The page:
The nucleic acid molecules may be wholly or partially synthetic. In particular they may be recombinant in that nucleic acid sequences which are not found together in nature (do not run contiguously) have been ligated or otherwise combined artificially. Alternatively they may have been synthesised directly e.g. using an automated synthesiser.
 Preferred nucleic acids consist or consist essentially of the nucleotide sequence in question, optionally in an expression vector as described in more detail below.
 Nucleic acid according to the present invention may include cDNA, RNA, genomic DNA and modified nucleic acids or nucleic acid analogs. Where a DNA sequence is specified, e.g. with reference to a figure, unless context requires otherwise the RNA equivalent, with U substituted for T where it occurs, is encompassed. Where a nucleic acid of the invention is referred to herein, the complement of that nucleic acid will also be embraced by the invention.
 The `complement` of a given nucleic acid (sequence) is the same length as that nucleic acid (sequence), but is 100% complementary thereto.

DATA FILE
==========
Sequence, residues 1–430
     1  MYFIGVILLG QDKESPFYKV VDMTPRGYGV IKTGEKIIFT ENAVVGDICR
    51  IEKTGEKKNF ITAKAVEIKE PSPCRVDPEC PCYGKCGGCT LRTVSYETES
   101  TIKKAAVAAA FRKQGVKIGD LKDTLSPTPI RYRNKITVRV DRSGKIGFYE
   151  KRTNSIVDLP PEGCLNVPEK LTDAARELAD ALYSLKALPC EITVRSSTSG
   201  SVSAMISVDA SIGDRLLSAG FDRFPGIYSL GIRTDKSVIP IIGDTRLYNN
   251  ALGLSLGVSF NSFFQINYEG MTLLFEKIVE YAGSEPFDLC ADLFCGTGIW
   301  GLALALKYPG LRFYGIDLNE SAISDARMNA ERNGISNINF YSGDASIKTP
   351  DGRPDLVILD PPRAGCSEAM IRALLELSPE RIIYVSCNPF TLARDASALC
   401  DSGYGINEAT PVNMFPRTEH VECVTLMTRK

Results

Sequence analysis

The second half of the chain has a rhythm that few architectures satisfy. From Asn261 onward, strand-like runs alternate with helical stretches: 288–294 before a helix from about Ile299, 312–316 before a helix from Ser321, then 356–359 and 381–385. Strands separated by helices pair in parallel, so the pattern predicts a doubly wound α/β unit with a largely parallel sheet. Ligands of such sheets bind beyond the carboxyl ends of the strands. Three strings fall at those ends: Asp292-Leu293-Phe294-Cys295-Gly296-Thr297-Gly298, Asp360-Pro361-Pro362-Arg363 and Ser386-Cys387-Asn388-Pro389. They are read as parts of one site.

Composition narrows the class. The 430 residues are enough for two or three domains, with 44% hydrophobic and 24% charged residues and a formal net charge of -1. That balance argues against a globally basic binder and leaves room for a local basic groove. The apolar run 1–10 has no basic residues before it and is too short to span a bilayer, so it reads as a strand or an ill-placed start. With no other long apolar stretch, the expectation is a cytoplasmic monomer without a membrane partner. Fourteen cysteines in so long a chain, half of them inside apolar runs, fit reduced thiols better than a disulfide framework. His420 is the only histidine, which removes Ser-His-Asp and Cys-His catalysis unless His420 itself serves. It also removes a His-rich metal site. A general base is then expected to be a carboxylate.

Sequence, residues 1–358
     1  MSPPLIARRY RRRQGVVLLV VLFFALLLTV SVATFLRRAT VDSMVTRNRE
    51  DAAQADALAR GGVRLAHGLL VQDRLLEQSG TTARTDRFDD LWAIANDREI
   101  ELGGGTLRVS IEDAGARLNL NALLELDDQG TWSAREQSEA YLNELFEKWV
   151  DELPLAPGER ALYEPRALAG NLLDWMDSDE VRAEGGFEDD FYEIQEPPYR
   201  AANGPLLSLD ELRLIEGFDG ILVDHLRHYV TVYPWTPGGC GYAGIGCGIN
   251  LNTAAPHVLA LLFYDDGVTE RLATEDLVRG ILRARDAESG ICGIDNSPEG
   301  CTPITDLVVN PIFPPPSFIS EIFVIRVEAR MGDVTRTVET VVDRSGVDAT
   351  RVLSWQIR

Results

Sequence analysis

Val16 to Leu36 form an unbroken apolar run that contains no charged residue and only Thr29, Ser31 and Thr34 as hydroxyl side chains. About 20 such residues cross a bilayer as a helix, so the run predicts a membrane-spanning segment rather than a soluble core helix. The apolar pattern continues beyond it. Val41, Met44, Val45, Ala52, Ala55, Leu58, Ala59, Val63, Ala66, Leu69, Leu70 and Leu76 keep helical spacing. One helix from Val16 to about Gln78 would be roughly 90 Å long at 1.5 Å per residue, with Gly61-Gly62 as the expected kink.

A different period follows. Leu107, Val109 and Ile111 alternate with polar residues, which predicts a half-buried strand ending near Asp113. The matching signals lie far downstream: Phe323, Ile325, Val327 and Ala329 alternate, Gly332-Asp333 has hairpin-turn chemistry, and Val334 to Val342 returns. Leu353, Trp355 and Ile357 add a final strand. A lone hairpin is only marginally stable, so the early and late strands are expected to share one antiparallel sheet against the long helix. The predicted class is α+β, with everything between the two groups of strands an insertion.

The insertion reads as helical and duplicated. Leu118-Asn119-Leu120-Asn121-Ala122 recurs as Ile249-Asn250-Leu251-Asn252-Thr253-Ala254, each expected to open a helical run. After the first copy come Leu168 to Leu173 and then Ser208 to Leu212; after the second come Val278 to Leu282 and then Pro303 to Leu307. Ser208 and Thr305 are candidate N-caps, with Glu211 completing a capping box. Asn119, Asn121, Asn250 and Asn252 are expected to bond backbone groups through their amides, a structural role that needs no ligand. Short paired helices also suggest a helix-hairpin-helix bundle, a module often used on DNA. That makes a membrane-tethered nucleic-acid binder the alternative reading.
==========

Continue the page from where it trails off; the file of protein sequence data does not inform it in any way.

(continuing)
Where genomic nucleic acid sequences of the invention are disclosed, nucleic acids comprising any one or more (e.g. 2) introns or exons from any of those sequences are also embraced.
 A PGDA depolymerase gene in this context is one which encodes a polypeptide capable of hydrolysing PGDA, which can be readily assessed by those skilled in the art using the assays known in the art or described herein.
 A `coding sequence` or `encoding sequence` is a polynucleotide sequence which is transcribed into mRNA and/or translated into a polypeptide when placed under the control of appropriate regulatory sequences. The boundaries of the coding sequence are determined by a translation start codon at the 5'-terminus and a translation stop codon at the 3'-terminus. A coding sequence can include but is not limited to mRNA, DNA (including cDNA), and recombinant polynucleotide sequences.